Darkest Sky: Desert's Edge

By Ariel

Disclaimer: Artemis Entreri and all other recognizable characters belong to R.A. Salvatore and Wizards of the Coast. No challenge to the copyright is intended or should be inferred. The following story is just for the amusement of the fans and will never make any profit.

A/N: This is a short scene exploring what Entreri's thoughts might have been right before he returned to Calimport. It's set directly before the events in Silent Blade and plays heavily off of that book and Starless Night. Technically, this story is the sequel to "Darkest Sky: Lost Before It Happened", in which I delved into Entreri's thoughts after he, Drizzt, and Catti-brie parted ways upon escaping Menzoberranzan. However, you do not have to have read that story prior to reading this one. Rated PG-13/T. Angst and graphic violence.

The edge of the Calim Desert stretched before the man, a vast, flat expanse broken only by small boulders or scraggily bushes. A storm massed on the horizon, stretching like an airborne, blackened sea that rolled and crashed through the sky. The grey day and grey sky matched what seemed to Artemis Entreri to be grey sand, grey cacti, and a grey man.

Entreri smirked at the thought, but the description was more fitting than not. His ripped cloak was grey, as were his eyes and the steel of his signature dagger. More than that, his mind was colorless, as flat and unfilled as the desert which rushed away from him on three sides.

Lightning lanced through the black clouds, and thunder crashed in the distance. Rain was rare in this region, and storms rarer, but when they came, they destroyed. With a sigh, the assassin turned back toward the border town, knowing he would have to wait to embark. Calimport was on the far side of the desert, and by great irony, Entreri was once again making the trip south from Memnon. As a boy of nine, he had made the trip because he saw no other choice, and now decades later he made the same trip for much the same reason. Calimport was, after all, the closest thing he had to a home.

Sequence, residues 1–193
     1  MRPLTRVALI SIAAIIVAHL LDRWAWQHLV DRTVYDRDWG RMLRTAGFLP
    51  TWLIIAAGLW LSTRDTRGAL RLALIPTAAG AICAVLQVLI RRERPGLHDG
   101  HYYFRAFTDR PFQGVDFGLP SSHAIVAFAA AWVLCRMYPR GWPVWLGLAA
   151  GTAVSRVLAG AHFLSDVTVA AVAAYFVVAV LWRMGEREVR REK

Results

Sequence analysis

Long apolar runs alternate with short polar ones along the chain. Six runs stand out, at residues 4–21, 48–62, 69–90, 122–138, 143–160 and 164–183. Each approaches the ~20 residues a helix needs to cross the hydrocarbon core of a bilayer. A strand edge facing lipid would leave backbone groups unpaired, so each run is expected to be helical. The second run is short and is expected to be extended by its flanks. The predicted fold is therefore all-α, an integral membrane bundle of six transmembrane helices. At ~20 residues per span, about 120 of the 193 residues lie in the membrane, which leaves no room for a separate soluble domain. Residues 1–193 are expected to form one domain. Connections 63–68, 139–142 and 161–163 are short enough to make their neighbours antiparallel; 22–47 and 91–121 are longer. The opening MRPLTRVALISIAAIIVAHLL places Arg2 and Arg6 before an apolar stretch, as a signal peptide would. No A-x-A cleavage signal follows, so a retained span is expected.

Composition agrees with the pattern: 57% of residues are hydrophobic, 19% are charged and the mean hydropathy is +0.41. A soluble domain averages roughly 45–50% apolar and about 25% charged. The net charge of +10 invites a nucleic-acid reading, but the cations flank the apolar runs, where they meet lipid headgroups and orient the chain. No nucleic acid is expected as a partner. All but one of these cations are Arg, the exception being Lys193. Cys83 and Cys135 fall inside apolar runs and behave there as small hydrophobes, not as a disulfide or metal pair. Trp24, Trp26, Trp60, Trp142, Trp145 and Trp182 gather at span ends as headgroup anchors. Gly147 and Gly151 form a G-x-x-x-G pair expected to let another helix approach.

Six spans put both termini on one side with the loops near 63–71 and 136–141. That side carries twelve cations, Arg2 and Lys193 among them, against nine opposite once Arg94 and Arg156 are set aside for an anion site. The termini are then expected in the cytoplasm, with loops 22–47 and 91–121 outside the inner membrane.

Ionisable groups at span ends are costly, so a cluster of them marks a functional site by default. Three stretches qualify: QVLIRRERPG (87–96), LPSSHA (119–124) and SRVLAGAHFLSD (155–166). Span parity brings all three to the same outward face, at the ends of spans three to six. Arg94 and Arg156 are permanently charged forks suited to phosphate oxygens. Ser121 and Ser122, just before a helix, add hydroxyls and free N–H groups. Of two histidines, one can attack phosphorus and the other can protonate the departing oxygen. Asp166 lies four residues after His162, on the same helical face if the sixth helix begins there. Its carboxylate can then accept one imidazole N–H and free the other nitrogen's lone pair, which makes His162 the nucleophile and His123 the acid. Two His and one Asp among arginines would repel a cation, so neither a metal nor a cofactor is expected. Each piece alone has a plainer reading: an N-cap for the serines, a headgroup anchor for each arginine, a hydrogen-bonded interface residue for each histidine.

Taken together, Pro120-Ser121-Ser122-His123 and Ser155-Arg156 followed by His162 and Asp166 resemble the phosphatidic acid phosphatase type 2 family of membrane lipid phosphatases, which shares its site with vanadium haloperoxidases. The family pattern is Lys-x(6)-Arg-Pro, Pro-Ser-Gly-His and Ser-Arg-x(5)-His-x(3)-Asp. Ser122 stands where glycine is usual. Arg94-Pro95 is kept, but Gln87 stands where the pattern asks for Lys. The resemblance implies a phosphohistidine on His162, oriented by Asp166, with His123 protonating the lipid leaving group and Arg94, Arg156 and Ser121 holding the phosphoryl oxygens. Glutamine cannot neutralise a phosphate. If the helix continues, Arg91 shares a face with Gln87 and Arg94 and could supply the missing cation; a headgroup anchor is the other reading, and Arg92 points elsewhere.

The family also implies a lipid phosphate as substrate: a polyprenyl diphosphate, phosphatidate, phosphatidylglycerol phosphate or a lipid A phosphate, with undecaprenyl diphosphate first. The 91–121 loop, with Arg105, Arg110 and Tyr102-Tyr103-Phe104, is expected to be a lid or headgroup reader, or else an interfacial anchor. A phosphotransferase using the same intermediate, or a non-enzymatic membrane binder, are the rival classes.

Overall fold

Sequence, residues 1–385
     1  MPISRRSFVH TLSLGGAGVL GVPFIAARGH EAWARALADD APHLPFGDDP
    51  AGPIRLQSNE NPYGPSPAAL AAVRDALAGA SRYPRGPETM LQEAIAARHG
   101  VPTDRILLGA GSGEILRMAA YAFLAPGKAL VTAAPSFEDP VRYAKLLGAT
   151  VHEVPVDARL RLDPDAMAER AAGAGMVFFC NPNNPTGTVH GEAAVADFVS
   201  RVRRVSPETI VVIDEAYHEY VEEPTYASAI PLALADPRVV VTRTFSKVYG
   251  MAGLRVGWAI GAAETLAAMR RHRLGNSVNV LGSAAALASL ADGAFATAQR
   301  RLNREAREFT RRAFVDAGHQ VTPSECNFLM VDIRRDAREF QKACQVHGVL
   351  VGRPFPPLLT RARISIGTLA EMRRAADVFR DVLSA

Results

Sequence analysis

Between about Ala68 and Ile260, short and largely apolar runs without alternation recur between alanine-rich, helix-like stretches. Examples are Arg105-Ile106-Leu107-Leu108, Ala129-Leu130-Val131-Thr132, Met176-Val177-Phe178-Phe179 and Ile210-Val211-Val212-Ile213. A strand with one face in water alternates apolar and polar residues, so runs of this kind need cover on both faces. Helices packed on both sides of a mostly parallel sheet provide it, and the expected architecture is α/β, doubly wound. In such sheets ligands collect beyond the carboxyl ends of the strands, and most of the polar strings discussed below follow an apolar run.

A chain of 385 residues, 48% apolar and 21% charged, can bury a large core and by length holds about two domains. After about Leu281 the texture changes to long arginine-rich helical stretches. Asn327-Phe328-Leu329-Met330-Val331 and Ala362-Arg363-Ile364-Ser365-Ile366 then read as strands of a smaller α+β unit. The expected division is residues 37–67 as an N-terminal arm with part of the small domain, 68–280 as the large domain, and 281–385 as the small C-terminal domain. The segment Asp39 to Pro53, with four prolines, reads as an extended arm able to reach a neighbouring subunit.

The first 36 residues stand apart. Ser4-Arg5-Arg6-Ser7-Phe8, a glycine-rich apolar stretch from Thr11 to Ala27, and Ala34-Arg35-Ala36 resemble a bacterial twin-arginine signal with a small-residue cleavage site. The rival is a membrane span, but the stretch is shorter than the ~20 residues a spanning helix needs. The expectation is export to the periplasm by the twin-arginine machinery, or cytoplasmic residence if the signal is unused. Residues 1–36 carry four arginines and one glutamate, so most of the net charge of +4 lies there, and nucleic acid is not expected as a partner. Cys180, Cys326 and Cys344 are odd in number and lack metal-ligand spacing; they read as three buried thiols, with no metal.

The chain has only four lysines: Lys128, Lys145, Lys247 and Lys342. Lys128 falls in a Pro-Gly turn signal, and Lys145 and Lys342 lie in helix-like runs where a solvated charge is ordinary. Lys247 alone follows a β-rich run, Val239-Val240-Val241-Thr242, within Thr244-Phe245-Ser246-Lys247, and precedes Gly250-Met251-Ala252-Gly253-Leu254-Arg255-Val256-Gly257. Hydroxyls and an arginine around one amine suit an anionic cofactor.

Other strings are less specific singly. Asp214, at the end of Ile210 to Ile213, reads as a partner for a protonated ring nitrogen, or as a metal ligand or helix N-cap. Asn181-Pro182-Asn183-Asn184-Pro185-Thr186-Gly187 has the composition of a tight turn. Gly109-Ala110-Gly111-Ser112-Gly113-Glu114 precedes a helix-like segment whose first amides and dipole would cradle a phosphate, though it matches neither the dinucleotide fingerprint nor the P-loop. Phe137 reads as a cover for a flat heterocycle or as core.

The border town Entreri re-entered was several miles south of Memnon, a last stop for those facing the unrelenting heat and glare that was the road into Calimport. This grimy town was not much more than a small collection of dusty taverns and stores with a few squat houses thrown in. The assassin hadn't bothered to learn its name; the settlement was new and not one he'd visited before. Likewise, he didn't bother to note the name of the musty tavern he chose. In fact, he didn't bother with much anymore—not replacing his lost sword, not cutting his hair, and not shaving his goatee-turned-beard. None of it seemed to matter, to have a purpose or to warrant any effort.

Entreri sat at a corner table out of pure habit and ordered an ale. Shadows doused the room, filling the corners and spilling over the tables. Thunder crashed overhead, shaking the tables and rattling mugs, and the assassin frowned. Quicksand would be an increased danger for several days now. The murmur of voices increased in volume, proving that the collection of caravan men and merchants were uneasy at nature's unusual choice of a tantrum. However, Entreri paid it no attention and stared into his drink when it arrived. Perhaps that was why he didn't notice at first that the loudest voice addressed him.

"'Xcuse me, but yer at our table. Hey! I'm talking to ye."

Entreri pulled his gaze away from the dark amber beer and gazed up at the burly man who towered over him. "Pardon?"

The man, whose six foot stature was offset by his imposing berth, scowled at the small assassin. "I said, ye just sat at our table. We were sitting there."

The assassin glanced over his shoulder to see three other men, all dusty and sweaty. What a waste of energy, Entreri thought. "Find another. There are plenty empty."